However, the next several prints were all still bad. I quickly found one of the three end stops that controls the position of the extruder was loose. After adjusting and tightening, things were much better, but there’s still a problem with the print.

The first few layers (about 1mm or so) are offset from the rest of the print in one direction. It’s consistent and repeatable at this time. The rest of the cube is perfectly straight, so it’s a “first layer” problem. So far I have not found any solution on the internet.

One hint that I’ll be pursuing is that the height measurement of the cube is only 19mm, while the sides are both 20mm perfectly. That implies again a “first layer” problem, possibly too hot. I am also considering the fact that this printer is incredibly fast. It’s almost twice the print speed of my first (cartesian) printer. It’s possible that it is simply printing the first few layers too fast, which may also affect the temperature of those first layers.

My next steps are to compare speed parameters between Marlin 1.1 (my current firmware version) and Marlin 1.0 (supplied with the printer) and my cartesian printer (also Marlin 1.1, but much slower settings). I will also try slowing the first layer in slic3r as a quick test. If slowing the initial print speed works, then that will be great. For now it’s a wonderful printer that has yet to realize all it’s benefits (and yet to make it’s first perfect print). 

“I guess I’m not their demographic”… Apple

I just had the most monstrous fight with apple software this week, and had to give up. All I wanted to do was prune my songs on my iphone and ipad. There were songs I wanted to remove that I had installed via itunes on my macbook some years ago.

Well, I couldn’t. Not easily. I finally used the general settings… remove all music feature to clean it up. The only other way was to delete each song individually by swiping left and then touching ‘delete’. Not whole albums, but song by song. How stupid and user-unfreindly!

The worst mistake I made was installing itunes on my Win7 pc. Dumb, dumb, dumb! It worked, but even after connecting the ipad and iphone, it would not let me actually TOUCH the songs. It was so brain-dead that after showing me “songs on the device” it would not delete – the only option was “copy to device”. BUT IT’S ON THE DEVICE AND YOU KNOW IT!!!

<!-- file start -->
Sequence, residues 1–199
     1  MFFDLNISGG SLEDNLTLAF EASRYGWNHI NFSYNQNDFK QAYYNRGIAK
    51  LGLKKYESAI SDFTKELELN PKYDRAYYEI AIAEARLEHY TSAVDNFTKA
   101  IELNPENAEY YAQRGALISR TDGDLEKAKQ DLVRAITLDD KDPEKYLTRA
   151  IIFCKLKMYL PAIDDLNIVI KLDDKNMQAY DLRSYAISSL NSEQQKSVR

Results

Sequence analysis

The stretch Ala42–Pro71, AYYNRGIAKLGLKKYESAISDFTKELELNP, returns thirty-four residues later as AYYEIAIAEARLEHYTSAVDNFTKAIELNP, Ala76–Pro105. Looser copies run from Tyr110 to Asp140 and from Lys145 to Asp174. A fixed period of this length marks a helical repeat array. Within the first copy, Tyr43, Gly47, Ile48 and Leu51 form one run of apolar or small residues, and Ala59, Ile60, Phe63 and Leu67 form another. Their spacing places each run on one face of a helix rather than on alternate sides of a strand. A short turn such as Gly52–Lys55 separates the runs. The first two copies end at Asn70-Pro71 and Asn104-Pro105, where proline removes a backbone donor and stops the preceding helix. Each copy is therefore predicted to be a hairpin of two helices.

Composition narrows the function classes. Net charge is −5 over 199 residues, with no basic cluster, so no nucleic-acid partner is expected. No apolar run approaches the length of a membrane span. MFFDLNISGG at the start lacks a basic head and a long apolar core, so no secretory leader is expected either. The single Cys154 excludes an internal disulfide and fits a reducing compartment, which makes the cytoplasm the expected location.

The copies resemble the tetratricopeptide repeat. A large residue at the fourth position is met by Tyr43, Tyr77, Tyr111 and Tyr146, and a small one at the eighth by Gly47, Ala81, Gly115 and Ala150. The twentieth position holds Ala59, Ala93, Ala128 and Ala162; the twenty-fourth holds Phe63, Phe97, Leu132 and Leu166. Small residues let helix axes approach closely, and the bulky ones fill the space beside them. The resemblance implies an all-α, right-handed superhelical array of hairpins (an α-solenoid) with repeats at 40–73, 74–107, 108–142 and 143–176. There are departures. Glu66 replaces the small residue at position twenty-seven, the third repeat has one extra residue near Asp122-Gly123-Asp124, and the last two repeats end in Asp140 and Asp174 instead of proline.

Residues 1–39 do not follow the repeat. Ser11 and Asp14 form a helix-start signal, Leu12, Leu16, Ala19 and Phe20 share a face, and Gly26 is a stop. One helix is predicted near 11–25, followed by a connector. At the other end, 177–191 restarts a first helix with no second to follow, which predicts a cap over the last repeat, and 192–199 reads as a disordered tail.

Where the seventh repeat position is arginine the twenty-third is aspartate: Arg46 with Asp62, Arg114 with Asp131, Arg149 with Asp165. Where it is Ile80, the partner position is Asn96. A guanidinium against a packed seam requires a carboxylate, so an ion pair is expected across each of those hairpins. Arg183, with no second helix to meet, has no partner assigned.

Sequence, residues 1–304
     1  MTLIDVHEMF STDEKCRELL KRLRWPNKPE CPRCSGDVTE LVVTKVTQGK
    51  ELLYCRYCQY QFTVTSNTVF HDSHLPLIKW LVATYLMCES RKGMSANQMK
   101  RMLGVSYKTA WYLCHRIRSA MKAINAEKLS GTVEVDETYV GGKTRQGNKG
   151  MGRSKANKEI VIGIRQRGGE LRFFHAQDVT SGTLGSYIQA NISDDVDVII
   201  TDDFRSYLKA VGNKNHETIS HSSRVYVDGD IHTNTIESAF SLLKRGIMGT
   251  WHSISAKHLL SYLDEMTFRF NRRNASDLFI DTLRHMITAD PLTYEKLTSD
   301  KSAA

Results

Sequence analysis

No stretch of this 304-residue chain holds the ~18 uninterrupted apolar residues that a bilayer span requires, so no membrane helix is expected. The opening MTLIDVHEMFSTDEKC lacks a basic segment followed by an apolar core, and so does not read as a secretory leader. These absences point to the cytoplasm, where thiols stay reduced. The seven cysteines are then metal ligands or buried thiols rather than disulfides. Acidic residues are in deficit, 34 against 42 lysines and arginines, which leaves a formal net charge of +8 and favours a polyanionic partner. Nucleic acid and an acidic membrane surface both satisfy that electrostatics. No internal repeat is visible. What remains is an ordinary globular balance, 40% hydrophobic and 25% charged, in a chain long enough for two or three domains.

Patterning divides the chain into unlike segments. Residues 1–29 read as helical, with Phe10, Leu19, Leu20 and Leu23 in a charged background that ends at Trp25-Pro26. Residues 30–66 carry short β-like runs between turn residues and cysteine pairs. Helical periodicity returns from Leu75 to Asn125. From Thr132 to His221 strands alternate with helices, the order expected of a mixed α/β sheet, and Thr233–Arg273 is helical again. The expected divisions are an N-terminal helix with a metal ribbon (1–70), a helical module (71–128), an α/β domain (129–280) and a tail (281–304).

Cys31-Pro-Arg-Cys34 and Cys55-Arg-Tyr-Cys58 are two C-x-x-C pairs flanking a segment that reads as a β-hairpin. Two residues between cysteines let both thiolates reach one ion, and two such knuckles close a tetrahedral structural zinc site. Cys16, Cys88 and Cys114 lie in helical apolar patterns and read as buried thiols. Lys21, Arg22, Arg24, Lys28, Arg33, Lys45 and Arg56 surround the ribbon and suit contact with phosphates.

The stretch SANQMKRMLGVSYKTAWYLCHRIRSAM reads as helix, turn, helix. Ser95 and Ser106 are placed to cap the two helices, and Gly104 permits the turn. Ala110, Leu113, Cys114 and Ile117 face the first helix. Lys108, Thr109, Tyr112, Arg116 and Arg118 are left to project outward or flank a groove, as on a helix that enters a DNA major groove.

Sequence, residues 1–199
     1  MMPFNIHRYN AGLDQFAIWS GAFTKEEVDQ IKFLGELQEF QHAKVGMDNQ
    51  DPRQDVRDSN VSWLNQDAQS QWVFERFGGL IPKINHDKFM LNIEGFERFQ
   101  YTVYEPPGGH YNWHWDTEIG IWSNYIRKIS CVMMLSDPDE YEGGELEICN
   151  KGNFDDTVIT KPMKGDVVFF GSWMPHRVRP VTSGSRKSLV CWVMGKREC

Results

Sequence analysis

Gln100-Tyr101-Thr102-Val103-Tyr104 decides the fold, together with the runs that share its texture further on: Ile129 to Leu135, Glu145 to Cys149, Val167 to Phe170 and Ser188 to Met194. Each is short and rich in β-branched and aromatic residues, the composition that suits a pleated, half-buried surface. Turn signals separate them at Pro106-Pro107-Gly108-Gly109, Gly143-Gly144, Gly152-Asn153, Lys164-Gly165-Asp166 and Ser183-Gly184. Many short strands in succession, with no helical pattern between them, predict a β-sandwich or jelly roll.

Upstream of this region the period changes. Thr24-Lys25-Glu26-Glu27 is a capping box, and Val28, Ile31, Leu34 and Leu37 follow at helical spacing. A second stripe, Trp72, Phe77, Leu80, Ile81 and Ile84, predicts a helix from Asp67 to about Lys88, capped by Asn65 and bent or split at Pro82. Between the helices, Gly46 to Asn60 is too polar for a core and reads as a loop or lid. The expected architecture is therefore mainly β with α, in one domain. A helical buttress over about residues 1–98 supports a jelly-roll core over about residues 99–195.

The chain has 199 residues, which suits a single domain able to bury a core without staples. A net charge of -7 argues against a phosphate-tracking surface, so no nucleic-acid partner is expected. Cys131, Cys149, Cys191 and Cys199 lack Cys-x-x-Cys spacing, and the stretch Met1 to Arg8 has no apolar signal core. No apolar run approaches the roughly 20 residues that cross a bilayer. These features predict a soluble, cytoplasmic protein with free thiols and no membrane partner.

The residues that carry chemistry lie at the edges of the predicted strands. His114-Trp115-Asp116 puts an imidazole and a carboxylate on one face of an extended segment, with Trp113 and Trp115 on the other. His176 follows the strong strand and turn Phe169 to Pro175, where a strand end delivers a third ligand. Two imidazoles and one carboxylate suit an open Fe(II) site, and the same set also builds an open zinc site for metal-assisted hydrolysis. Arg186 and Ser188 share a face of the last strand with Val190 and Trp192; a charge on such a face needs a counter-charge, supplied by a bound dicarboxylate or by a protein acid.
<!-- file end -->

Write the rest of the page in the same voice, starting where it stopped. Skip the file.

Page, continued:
Today I blew away itunes. Of course apple left behind a puddle of other crap on the PC that I could not remove via programs. Fortunately I anticipate such nonsense, so before the install I had created a “before itunes” restore point. Using this I was able to recover my PC to where I wanted, not where apple wanted to leave it.

So now I have no songs on my i-devices, but I don’t care. The whole purpose was to use one as an alarm clock playing a random song each morning. Turns out it CANNOT be done via apple. The only way is to jailbreak the device.

As for apple, they don’t want me. They blew off objective-C for their own pathetic thingy called swift for i-device programming. That’s when I stopped app development. Then the recent crop of laptops (no desktops anymore) showed apple’s utter contempt for customers. “You can have light, or powerful, or good screen, but not all in one device. To get them all, buy more devices,” OK, I choose none.

Now the latest iphone is announced at a ludicrous price point. Honestly, the apple price and features list looks like it came from “SpaceBalls, the merchandising”.

Guess I’m not apples demographic anymore. Too bad. I really got the feeling that Steve Jobs understood me, what with us being the same age and loving tech and all. The new apple since Jobs just seems to be about “merchandising to the max”. Sad, really.